There’s clearly an evolution happening in our profession. The research firm Gartner recently reported that by 2020, 100 percent of technology roles will require at least an intermediate level of proficiency in business acumen.

“Developing strong business acumen is a prerequisite to effectively shift focus from optimizing operational efficiency to driving business effectiveness, value creation and growth,” Lily Mok, Gartner’s research vice president said. “At the heart of an effective communication strategy is the ability to clearly link the vision, strategy and action plans of the business to drive desired behaviors in the workforce that contribute to improved performance and business outcomes.”

Communication aside, new management styles are required to gain as much value as possible out of employees. Furthermore, these new management styles also introduce more value to the employees through new, exciting challenges, growth opportunities, and new ways to interact with the business.


We are firmly within the digital economy with a digitally-enabled workforce. This means we are a part of a fluid, dynamic business environment that is constantly evolving.

Millennials are the drivers of today’s emerging digital economy. Now that we have an idea as to how these legacies work, let’s examine a new approach to managing millennials that involves re-prioritizing the hiring traits we discussed earlier.

1.  Attitude: What is the candidate’s attitude toward the industry and the job at hand? Is he or she excited or just there to make a dollar? What’s driving him or her to succeed? A digital-ready organization will want a positive-attitude candidate who’s ready to emerge into the digital framework and be excited by change.

2. Aptitude: Once attitude is established, what is the candidate’s aptitude toward learning and growing? Does he or she want to take on more roles? Is he or she curious about cross-training? Going beyond what the candidate already knows, aptitude toward learning will allow you to hire a moldable and excited new member to the team.

3. Experience: Let me start by saying that experience is certainly important. But fluid organizations ready for the digital economy won’t hire for experience alone. They’ll want a positive attitude, the aptitude and capability to learn, and then the ability to evolve the experience. Having some experience is great, but it’s even better to mold the experience to what the organization really needs. In a way, we’ve flipped candidate capabilities and priorities to match the strengths of the millennial.

We’re allowing experience to grow organically around what the business requires. Ultimately, this gives the millennial candidate a voice within the company and an opportunity to grow and evolve with the company. Most of all, it builds loyalty and encourages thought.

Think of Facebook as an example. Yes, it loves your experiences and what you’ve done in the past; but it will very actively look at your attitude, your aptitude to learn new technologies, and your personality. These organizations know that if they hire the right people, the experience will come. However, it’ll also give these organizations an employee who’s much happier in his or her job.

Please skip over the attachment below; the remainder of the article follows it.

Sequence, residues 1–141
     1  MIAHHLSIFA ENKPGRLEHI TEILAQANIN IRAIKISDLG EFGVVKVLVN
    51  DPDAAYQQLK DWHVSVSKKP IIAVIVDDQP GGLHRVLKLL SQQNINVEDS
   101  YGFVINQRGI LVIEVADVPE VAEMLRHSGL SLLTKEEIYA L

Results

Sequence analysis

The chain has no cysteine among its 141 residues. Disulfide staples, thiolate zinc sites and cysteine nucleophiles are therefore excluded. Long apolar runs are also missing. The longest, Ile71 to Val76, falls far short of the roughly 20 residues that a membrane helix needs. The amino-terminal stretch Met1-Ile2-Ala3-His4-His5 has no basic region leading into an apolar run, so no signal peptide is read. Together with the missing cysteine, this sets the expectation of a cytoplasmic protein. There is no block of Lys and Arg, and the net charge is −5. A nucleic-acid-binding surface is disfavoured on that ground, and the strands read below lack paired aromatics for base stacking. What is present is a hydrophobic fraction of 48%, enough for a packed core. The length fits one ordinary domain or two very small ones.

Changing your paradigm on how you work and manage millennials can completely change your candidate pools. Furthermore, millennials don’t often work well in overly rigid environments. This is where they get restless, become less productive, and are more prone to leaving. However, if you employ and nurture around attitude and aptitude, you’ll see that not only will they get more experience, but also they’ll bring more value to your organization.

—The author is vice president of Strategy and Innovation at MTM Technologies, a Stamford, Connecticut-based consulting firm.

Published in Insights

Thirty-two percent of the global organizations surveyed feel “ready” or “somewhat ready” for people analytics (+8 percentage year over year), according to Deloitte’s Global Human Capital Trends 2016 survey.  Further, 77 percent think people analytics is “important” or “very important.” The gap between these percentages is startling.

To close the gap, three key trends were revealed from 30+ interviews with HR practitioners. First, people analytics must add value to the business. Second, collection of analytics needs to be the new normal.  Third, technology plays a critical role.  

Learn more at:

Published in Latest News


The layoffs will affect seven percent of the company’s workforce.

Cisco Systems is shifting its focus from hardware to high-margin software and part of the transition requires eliminating 5,500 jobs in order to reinvest in key growth areas such as security, the Internet of Things (IoT) and the cloud.

Revenue at the company's routers business fell six percent in the fourth-quarter period ending July 30, while switching unit revenue increased by two percent. Orders from service providers decreased by five percent, and revenue in emerging markets fell six percent according to Cisco’s earnings report. Security posted a 16 percent gain in the earnings period. 

Cisco CEO Chuck Robbins has been guiding the company toward software and subscription-based services since he took over in July 2015.

—Learn more:


Published in Latest News